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Why Data Agility is a Key Driver of Big Data Technology Development
By Jim Scott, Director of Enterprise Strategy and Architecture, MapR Technologies
As technology advances at breakneck speed, our lives are becoming increasingly digitized. From Twitter feeds to sensor data to medical devices, companies are drowning in big data yet starving for actionable information. Most likely, you've heard a lot of talk about the volume, variety, and velocity of big data and how challenging it is to keep up with that explosion of data.
For many enterprises, their ability to collect data has surpassed their ability to organize it quickly enough for analysis and action. Executives, IS staff, and analysts alike have been frustrated with traditional rigid processes for data processing that require a series of steps before data is ready for analysis. Relational databases and data warehouses have served businesses well for collecting and normalizing other relational data from point of sale (POS), ERP, CRM, and other data sources where the data format and structure is known and doesn't change frequently. However, the relational model and process for defining schema in advance cannot keep pace with the rapidly evolving variety and format of data.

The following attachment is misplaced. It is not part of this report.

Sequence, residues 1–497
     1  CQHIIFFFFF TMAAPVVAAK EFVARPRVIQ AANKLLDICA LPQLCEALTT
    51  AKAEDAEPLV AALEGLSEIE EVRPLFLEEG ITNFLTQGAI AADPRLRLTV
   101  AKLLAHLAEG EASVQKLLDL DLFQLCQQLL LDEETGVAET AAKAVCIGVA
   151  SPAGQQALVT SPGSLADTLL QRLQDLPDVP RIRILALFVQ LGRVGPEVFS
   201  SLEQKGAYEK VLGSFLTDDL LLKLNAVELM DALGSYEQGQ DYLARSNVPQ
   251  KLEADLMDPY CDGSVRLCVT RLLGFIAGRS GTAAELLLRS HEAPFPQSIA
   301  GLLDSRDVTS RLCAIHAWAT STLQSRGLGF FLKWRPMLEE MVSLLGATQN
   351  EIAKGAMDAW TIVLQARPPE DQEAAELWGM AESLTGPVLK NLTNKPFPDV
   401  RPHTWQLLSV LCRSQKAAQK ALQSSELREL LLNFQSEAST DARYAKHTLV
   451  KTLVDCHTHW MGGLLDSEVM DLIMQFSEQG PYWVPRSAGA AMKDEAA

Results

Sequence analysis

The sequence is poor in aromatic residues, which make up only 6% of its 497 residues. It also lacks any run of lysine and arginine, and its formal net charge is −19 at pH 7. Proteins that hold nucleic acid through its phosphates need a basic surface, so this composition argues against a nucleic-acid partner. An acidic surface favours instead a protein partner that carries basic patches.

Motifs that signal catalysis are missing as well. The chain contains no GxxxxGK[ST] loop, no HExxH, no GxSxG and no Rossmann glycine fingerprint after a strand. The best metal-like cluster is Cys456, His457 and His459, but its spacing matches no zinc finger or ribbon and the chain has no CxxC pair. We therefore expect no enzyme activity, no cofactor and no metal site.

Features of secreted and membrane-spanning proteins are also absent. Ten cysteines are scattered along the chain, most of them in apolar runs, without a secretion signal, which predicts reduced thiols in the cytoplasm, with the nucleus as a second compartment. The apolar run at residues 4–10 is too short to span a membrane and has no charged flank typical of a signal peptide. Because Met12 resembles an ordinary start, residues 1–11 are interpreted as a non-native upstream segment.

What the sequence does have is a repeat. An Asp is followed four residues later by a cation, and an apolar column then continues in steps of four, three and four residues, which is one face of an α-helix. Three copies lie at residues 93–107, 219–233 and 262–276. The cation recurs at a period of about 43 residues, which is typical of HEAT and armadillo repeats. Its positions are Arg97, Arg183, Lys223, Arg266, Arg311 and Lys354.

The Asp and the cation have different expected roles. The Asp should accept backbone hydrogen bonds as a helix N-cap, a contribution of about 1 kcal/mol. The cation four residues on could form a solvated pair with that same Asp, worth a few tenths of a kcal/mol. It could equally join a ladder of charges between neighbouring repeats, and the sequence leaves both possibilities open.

Sometimes an analyst just wants to start playing with data to understand what's in it and what new insights it can reveal before the data is modeled and added to the data warehouse schema. Sometimes you're not even sure what questions to ask. This process drives up the costs for using traditional relational databases and data warehouses because DBA resources are required to flatten, summarize, and fully structure the data, and these DBA costs can delay access to new data sources. Legacy databases are simply not agile enough to meet the growing needs of most organizations today.